Saving Caroline Row

In the late 1970s, Saturday mornings meant shuttling back and forth for Arkansas Arts Center classes for our pre-school daughters, usually down 10th Street. That route took Emily past three handsome brick buildings at 10th and Cumberland which she much admired. So she was shocked when friend and preservation architect Don Evans told her the buildings were doomed.

Two of the three were in fact row houses of the same vintage as the Little Rock Arsenal in MacArthur Park, now a military museum but an active U.S. Army post 150 years ago, before and after the Civil War. They had apparently been built to house officers with families, ample two-story apartments. The third one, of a different architectural style, seemed newer but was otherwise a mystery.

All three buildings were in horrendous condition, and the row houses faced the wrecking ball when the reclusive owner-occupant moved on. Plainly, the only reasonable course of action, in Emily’s mind, was to buy them and nurse them back to health through liberal applications of determination, mortgage money, Don’s architectural acumen and my legal background. Well, of course.

As it happened, we (including Don and his wife Audrey) had to make the purchase with only rough designs in hand, and had to work through a number of problems before real restoration could begin. I contributed a design that opened up the gloomy third building, but otherwise focused on manual labor, more suited to my actual skill set.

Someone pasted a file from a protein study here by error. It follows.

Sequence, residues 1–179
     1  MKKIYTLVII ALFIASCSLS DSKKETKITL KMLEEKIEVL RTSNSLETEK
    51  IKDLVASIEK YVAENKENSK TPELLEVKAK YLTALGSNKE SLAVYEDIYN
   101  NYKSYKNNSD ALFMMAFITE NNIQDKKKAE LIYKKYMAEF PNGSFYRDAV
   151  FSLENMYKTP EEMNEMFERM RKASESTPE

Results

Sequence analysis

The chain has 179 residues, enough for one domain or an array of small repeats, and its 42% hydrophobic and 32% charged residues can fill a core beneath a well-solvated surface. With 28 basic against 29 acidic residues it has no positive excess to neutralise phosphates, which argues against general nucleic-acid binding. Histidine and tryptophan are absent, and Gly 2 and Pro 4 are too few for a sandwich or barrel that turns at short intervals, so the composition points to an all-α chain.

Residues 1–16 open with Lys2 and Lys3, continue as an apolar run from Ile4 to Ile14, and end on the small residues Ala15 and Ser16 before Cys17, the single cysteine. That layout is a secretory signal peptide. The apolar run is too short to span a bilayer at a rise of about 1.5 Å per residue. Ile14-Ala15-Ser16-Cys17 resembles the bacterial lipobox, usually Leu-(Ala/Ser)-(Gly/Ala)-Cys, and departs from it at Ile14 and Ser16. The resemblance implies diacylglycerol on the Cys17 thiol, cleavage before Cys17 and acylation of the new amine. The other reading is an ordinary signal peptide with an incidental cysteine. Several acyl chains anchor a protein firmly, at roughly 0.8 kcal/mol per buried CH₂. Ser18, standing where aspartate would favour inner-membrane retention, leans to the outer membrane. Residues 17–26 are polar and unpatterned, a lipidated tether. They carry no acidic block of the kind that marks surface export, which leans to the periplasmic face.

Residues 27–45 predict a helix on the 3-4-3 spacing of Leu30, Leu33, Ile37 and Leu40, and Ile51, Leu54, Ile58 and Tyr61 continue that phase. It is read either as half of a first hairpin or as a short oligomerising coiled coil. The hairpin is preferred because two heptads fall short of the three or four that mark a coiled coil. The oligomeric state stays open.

That first winter, I scooted under the third building to repair frozen plumbing in 20 inches of crawl space. Emily suggested we expose at least one brick wall in each of the eight apartments (which were adapted to eleven), a terrific design idea. Don and I hammered off the old mortar and then cleaned the brick with some ghastly acidic brew, which I inadvertently mixed much too strong.

Also in the dead of winter, Don and I stood on ladders with huge spray devices applying Thompson’s WaterSeal to the soft, ancient exterior bricks. When the spring following construction allowed some attention to landscaping, we did that too. One Saturday I decided to dig up and pry out an obtrusive chunk of granite in front of one unit, with the help of a new young tenant named Keller, not yet ordained.

The stone was much larger than expected, and when we finally dug it out and tumped it over, it turned out to be a carriage stone, with a name on it: “Dr. Brooks,” doctor to the Little Rock Schools and probably the city’s first female physician, whose office had been at the rear of that unit many decades before.

Other landlord chores included dealing with one tenant whose spurned boyfriend broke out all her windows in that third building and another who could not understand our reluctance to let him re-paint his apartment “saucy beige,” as well as drafting leases and cobbling together the application for the tax benefits associated with an historic preservation façade easement.

The benefits were less tangible but just as real as the tasks. We did not net a lot of rent money, but we got the huge satisfaction Emily envisioned at the start from saving Caroline Row (Caroline being 10th Street’s original name) from demolition. And we got the pleasure from unintentionally inspiring one of our little AAC students to become a trained historic preservationist, saving the world one crumbling building at a time.

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